John Gribbin on the fine-tuned, man-made universe
Science writer John Gribbin discusses the (speculative) possibility that universes – like ours – are designed to order by civilizations with technology not much more complicated than the Large Hadron Collider.
The argument over whether the universe has a creator, and who that might be, is among the oldest in human history. But amid the raging arguments between believers and sceptics, one possibility has been almost ignored – the idea that the universe around us was created by people very much like ourselves, using devices not too dissimilar to those available to scientists today.
As with much else in modern physics, the idea involves particle acceleration, the kind of thing that goes on in the Large Hadron Collider in Switzerland. Before the LHC began operating, a few alarmists worried that it might create a black hole which would destroy the world. That was never on the cards: although it is just possible that the device could generate an artificial black hole, it would be too small to swallow an atom, let alone the Earth.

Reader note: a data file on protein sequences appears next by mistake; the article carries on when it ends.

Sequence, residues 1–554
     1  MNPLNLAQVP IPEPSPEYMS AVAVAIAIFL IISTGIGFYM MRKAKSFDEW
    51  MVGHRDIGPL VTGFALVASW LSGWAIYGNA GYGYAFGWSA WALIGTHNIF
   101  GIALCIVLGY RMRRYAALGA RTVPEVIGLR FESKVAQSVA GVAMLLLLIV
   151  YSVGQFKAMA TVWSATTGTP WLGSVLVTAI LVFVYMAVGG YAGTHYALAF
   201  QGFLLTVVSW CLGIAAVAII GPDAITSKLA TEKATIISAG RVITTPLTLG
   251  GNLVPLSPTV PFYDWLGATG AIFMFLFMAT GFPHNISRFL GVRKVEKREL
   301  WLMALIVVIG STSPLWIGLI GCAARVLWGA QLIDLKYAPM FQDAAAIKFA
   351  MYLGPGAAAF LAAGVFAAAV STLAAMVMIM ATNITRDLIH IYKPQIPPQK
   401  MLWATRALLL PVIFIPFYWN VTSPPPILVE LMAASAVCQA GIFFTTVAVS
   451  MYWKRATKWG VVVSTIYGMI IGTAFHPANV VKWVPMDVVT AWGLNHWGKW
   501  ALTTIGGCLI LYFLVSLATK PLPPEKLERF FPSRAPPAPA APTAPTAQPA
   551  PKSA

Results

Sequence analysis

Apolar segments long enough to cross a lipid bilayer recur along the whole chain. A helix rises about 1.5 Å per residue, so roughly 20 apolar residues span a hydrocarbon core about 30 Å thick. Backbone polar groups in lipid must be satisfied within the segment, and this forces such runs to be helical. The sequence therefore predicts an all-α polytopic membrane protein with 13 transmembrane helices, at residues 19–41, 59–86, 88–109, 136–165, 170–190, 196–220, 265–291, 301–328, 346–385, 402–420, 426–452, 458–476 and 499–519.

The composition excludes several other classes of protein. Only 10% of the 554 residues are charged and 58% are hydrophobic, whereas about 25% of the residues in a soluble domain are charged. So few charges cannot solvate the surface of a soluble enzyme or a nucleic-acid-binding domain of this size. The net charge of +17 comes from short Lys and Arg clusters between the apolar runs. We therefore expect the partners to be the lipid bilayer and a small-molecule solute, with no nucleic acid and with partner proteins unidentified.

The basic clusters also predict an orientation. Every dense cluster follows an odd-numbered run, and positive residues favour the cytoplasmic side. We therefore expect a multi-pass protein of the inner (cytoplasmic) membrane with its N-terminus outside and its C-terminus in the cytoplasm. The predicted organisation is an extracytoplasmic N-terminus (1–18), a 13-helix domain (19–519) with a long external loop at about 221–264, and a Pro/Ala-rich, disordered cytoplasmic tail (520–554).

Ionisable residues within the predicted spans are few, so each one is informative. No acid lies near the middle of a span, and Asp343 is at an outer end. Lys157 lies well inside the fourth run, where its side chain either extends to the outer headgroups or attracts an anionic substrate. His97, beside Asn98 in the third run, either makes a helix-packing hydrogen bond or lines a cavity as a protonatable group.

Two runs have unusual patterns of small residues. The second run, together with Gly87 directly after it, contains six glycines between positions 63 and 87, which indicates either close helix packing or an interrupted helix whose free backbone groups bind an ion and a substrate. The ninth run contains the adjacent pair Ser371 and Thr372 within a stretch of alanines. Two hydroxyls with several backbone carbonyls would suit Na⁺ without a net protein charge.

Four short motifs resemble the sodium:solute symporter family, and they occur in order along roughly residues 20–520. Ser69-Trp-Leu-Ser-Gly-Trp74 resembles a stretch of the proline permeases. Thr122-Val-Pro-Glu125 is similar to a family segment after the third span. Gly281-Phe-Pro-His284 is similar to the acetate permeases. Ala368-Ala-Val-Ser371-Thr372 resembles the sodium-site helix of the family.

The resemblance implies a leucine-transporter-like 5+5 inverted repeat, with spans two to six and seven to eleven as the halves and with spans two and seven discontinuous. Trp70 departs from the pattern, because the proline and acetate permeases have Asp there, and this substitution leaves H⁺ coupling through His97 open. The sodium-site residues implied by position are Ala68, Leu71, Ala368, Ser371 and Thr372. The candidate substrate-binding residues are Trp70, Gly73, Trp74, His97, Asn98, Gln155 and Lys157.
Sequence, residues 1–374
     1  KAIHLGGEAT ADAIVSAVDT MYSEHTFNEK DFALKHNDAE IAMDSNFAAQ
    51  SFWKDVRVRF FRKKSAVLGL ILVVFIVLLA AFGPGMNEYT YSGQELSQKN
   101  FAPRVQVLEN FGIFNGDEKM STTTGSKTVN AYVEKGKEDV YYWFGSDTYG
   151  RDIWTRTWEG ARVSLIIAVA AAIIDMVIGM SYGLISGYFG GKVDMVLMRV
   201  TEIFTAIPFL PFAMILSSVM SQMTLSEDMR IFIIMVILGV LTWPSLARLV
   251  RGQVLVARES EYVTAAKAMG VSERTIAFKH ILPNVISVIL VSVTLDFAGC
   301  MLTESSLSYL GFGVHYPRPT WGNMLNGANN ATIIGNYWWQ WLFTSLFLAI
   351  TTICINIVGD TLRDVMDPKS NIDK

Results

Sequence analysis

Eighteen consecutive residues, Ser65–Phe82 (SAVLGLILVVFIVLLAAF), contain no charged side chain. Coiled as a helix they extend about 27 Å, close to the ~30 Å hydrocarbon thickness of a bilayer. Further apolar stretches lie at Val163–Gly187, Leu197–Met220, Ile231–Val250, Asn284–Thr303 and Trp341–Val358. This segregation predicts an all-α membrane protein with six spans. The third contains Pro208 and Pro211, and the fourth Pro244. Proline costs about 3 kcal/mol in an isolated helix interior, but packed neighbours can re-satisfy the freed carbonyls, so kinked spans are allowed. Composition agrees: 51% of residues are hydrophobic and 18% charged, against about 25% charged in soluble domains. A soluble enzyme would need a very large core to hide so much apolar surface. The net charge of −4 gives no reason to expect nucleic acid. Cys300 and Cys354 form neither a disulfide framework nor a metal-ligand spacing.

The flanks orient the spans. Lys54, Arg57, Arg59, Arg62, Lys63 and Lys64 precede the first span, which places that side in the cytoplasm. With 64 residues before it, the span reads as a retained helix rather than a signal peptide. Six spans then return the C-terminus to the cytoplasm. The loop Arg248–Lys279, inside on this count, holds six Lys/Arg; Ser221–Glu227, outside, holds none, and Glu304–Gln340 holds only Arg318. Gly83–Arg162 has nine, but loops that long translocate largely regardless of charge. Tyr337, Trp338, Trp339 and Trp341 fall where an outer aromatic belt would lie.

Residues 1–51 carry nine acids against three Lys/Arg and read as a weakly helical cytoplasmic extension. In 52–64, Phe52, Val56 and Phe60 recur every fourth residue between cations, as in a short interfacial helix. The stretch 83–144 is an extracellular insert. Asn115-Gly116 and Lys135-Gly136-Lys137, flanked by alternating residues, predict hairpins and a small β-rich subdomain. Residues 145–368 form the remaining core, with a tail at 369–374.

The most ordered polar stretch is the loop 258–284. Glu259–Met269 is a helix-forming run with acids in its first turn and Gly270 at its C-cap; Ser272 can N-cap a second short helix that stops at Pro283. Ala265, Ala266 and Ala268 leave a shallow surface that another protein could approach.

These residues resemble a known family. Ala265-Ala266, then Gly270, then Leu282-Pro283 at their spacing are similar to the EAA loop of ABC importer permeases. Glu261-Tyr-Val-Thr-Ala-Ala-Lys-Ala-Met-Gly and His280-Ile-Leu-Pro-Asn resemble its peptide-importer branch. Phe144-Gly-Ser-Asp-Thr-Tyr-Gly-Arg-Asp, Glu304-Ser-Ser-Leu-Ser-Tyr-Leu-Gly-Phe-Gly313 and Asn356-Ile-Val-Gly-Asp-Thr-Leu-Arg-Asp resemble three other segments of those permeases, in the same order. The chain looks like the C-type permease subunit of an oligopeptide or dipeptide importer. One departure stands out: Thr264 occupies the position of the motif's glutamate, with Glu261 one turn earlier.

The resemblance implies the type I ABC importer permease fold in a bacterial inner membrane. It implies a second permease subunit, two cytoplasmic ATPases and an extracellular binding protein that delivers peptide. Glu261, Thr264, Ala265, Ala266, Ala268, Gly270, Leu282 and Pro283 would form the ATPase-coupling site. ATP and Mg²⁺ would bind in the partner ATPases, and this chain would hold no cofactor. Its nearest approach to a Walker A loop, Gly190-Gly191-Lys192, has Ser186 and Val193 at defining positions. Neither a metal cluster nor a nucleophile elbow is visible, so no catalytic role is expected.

However, to create a new universe would require a machine only slightly more powerful than the LHC – and there is every chance that our own universe may have been manufactured in this way.
This is possible for two reasons. First, black holes may – as science fiction aficionados will be well aware – act as gateways to other regions of space and time. Second, because of the curious fact that gravity has negative energy, it takes no energy to make a universe. Despite the colossal amount of energy contained in every atom of matter, it is precisely balanced by the negativity of gravity.
Black holes, moreover, are relatively easy to make.